I really appreciate these toolkits – they focus on the design thinking, combine theory and practice and include participatory project planning – I think they might become very useful for CBOs [Community Based Organizations] that are directly working with the communities. It will become an important resource in the future,” said a collaborator from Nyein (Shalom) Foundation.

The original design and the participatory community-review of the “Learn and Share Together” curriculum has not been a process without challenges. Translation of the toolkits into Myanmar language has been particularly demanding. In Myanmar language, it’s very difficult to find direct translations of words such as assertive communication. To explain the concept of ‘consensus’ we needed to use two sentences,” explains one of the members of the design team. “Moreover, the sensitivity of the topic proscribed us from using direct references to “peace” or “conflict,” he adds. Project activities are still ongoing but so far over 1500 children and over 1200 community members had been reached with trainings and /or post-training activities. PIN hopes to adapt this pilot project to other contexts in Myanmar and replicate together with local partners.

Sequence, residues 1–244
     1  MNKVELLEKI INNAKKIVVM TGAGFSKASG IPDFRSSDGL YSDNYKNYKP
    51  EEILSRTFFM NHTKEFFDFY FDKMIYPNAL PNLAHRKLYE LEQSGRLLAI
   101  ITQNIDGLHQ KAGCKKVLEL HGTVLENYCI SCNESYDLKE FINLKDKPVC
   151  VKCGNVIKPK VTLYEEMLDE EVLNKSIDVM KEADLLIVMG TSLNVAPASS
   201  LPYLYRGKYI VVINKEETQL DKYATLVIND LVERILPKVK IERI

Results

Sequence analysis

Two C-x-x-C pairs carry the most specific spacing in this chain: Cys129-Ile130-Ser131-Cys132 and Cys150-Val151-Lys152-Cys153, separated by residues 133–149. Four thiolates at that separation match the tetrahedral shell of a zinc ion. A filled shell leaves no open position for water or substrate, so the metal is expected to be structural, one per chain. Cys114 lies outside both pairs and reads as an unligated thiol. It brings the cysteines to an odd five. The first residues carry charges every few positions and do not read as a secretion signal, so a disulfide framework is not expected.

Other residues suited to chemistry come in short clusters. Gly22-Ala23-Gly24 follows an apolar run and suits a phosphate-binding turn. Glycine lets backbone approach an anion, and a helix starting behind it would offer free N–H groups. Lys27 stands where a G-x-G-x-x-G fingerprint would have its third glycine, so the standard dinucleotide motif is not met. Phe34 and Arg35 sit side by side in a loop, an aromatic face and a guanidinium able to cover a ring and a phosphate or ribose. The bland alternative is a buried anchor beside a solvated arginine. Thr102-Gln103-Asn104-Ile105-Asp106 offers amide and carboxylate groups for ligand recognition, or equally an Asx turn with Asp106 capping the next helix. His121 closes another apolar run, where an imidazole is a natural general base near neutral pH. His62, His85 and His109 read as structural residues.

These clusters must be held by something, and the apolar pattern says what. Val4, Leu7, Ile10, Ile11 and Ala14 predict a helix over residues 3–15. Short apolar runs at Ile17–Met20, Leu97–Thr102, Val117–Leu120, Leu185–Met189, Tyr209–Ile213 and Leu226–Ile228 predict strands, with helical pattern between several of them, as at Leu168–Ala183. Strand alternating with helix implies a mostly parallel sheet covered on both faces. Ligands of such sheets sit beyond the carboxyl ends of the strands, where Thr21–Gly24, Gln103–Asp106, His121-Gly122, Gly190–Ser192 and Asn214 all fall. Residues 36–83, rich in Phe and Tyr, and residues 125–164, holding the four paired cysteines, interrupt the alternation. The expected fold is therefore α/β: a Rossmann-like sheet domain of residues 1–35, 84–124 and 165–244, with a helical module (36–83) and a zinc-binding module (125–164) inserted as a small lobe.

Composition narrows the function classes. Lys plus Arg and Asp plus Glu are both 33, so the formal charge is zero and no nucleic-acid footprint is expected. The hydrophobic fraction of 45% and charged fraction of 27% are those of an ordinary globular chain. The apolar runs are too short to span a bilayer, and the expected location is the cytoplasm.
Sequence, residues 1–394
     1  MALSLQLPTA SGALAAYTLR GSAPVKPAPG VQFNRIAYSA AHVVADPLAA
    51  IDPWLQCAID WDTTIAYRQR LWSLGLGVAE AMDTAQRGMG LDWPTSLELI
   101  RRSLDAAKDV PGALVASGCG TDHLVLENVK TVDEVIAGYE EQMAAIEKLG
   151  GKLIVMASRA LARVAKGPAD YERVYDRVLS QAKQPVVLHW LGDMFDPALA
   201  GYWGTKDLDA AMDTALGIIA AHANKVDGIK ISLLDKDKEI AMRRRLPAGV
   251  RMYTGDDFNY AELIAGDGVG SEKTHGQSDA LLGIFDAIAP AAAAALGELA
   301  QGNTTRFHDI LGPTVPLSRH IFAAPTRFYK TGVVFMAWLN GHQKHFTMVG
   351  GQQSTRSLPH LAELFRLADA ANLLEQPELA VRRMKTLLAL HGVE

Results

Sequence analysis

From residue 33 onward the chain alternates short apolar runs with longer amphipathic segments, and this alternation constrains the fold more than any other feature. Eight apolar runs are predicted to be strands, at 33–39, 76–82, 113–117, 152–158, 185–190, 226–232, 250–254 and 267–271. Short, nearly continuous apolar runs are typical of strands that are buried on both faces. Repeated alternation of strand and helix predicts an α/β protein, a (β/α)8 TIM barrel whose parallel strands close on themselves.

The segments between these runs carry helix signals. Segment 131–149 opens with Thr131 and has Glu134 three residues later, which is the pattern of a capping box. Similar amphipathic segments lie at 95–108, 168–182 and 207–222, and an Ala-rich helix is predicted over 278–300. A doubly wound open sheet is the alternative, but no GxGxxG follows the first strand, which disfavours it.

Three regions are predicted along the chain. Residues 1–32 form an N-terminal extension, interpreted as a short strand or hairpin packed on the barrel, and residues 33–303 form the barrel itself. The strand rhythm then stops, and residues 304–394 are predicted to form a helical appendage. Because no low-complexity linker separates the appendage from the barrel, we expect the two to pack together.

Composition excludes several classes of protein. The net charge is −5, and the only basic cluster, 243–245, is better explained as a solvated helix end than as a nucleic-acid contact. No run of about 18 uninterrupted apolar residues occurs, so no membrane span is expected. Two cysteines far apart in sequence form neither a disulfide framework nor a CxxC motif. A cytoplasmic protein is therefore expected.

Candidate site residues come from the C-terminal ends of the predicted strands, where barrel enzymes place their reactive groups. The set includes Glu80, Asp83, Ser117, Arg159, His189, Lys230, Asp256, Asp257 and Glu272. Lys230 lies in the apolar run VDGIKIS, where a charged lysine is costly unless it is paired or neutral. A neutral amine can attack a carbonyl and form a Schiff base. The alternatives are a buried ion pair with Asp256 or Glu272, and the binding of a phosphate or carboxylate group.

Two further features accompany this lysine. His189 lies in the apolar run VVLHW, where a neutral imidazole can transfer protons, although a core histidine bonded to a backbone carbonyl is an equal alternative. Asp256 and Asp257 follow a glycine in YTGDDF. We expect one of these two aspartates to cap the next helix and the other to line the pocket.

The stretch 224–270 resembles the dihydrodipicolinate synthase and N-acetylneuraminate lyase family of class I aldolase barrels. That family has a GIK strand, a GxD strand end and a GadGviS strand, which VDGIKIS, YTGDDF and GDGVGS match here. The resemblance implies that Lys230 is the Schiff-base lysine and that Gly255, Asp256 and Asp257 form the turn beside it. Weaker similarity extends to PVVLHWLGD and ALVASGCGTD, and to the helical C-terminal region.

“This tool will help people understand how to respect each other, no matter who you are and where are you from. You will be able to stimulate a positive change in your community,” says a representative of Youth Learning Center, local partner organisation.

“Learn and Share Together” - download the documents in English:

Teacher Training Curriculum

Community Building Training Curriculum

Student Activity Booklet

“Learn and Share Together” - download the documents in Myanmar:

Teacher Training Curriculum (MYAN)

Community Building Training Curriculum (MYAN)

Student Activity Booklet (MYAN)

People in Need Myanmar in collaboration with Nyein (Shalom) Foundation, Youth Learning Center, 2018

Autor: Grace Michel, Katie Zanoni